It is, therefore, an object of this invention to provide a simple and economical system for supporting the growth of anchorage dependent cells.
It is another object of this invention to provide a system for supporting the growth of anchorage-dependent cells which can be sterilized by standard techniques.
It is also an object of this invention to provide a microcarrier system for supporting the growth of anchorage-dependent cells.
It is a further object of this invention to provide a microcarrier system for supporting the growth of anchorage dependent cells at flexible production rates, without the need for high initial capital investment.
It is additionally an object of this invention to provide a microcarrier system which has a low density.
It is yet a further object of this invention to provide a low-density microcarrier system which can be sterilized by autoclaving methods.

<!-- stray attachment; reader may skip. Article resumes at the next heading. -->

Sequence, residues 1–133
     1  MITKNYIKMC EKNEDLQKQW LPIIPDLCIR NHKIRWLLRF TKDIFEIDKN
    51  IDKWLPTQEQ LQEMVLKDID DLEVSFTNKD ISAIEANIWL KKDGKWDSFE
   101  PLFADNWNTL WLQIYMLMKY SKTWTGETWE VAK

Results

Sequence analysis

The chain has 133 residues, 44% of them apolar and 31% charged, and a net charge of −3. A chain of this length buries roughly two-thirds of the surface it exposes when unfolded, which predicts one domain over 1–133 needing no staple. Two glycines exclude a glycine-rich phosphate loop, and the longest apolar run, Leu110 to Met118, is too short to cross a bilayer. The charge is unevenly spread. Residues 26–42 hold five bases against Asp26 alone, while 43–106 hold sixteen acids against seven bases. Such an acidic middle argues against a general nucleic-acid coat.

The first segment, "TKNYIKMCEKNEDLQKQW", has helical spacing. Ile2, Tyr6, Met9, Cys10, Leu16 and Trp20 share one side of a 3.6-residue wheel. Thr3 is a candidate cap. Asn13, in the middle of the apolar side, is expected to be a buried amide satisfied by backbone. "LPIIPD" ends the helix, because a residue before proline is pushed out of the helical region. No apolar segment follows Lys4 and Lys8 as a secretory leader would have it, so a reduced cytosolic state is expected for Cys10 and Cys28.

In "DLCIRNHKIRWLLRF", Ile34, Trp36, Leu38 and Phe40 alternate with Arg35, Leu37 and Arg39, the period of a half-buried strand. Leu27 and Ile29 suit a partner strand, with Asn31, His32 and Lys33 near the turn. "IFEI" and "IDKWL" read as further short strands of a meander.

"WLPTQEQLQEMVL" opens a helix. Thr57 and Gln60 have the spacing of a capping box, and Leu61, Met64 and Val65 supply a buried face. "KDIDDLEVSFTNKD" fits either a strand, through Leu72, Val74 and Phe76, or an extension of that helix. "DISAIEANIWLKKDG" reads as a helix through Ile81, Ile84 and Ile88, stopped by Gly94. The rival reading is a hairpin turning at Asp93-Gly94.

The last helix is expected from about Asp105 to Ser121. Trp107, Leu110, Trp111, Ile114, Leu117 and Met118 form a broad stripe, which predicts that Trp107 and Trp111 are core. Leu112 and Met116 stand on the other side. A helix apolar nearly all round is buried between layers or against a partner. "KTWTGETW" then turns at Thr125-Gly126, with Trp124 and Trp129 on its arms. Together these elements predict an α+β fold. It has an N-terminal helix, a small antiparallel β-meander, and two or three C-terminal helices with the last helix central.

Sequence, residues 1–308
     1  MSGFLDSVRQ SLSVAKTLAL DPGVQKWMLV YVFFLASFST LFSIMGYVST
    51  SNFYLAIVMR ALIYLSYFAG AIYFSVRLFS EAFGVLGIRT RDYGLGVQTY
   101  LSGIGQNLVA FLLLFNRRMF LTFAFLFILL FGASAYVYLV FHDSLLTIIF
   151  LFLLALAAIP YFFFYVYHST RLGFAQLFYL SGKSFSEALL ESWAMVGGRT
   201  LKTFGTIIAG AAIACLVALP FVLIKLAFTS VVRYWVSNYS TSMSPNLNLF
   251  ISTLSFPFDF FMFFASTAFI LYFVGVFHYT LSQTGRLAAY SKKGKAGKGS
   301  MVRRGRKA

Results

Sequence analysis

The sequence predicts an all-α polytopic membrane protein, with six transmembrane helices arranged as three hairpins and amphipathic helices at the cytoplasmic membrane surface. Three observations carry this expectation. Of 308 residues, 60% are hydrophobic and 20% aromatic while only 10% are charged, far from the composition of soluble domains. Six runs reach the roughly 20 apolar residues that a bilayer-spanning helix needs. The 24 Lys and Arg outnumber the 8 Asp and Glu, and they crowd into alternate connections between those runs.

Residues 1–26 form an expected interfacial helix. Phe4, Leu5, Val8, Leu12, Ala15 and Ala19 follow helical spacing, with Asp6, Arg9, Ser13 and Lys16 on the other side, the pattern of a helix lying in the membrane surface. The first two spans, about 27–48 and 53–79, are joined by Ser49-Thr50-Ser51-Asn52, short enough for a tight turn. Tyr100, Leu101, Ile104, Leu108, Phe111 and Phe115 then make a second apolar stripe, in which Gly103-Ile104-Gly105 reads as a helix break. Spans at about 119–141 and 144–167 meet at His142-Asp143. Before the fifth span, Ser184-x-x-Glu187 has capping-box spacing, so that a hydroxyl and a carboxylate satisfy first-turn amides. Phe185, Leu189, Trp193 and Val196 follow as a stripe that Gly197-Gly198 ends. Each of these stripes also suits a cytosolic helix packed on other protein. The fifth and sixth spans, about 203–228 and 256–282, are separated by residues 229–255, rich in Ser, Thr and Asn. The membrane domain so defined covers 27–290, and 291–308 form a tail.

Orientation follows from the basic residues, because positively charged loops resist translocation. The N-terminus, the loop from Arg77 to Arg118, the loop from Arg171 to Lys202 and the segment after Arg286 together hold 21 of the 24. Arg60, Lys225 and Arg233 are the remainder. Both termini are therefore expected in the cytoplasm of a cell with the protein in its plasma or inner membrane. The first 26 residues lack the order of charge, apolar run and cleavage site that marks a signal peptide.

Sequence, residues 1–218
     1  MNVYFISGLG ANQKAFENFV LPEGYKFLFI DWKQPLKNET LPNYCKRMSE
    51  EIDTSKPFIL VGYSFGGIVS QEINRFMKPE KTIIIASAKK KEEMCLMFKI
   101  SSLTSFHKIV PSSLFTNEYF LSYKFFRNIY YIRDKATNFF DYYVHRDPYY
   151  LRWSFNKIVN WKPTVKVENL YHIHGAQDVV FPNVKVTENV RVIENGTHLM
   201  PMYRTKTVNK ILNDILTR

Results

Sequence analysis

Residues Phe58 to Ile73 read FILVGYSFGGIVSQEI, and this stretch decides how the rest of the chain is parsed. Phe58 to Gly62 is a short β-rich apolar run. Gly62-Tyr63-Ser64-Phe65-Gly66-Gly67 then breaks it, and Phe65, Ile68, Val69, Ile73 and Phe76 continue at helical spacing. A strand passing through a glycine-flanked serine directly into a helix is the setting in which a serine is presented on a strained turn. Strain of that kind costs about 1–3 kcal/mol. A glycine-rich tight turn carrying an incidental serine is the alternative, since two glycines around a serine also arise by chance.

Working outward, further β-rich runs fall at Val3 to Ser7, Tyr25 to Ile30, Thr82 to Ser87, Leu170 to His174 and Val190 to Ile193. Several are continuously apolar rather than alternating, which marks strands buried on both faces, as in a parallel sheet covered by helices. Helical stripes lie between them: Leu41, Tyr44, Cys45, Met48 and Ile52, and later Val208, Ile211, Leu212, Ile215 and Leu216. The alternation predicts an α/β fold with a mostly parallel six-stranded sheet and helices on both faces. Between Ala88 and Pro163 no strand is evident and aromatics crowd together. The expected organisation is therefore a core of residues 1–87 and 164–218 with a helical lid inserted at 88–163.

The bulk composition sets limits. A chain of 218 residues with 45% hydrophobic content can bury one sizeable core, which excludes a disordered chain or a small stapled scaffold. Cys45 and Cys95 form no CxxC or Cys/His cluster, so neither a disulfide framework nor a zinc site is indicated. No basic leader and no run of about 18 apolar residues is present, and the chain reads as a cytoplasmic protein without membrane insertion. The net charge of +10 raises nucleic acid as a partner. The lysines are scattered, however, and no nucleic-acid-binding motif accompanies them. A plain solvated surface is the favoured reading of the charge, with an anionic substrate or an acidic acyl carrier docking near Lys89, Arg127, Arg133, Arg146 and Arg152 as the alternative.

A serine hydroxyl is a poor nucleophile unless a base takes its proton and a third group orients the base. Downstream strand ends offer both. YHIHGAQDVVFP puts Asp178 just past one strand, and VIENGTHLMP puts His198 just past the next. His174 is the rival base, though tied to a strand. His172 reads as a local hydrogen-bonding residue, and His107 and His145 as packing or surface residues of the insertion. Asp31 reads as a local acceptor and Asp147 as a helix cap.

It is also another object of this invention to provide a microcarrier system wherein product contamination during cell harvesting is minimized.
It is yet an additional object of this invention to provide a microcarrier system for facilitating the growth of anchorage-dependent cells wherein cell recovery is high and cell separation can easily be accomplished using proteolytic enzymes.
It is still another object of this invention to provide a microcarrier system wherein essential production features are independent of the dimensions of the microcarrier system over a broad range.
It is a yet further object of this invention to provide a microcarrier system wherein cell attachment takes place quickly.
It is also a further object of this invention to provide a microcarrier system for facilitating the growth of anchorage-dependent cells wherein absorption of culture media, products, or toxins is inhibited.
It is additionally another object of this invention to provide a microcarrier bead system which can be formed using existing laboratory methods and systems.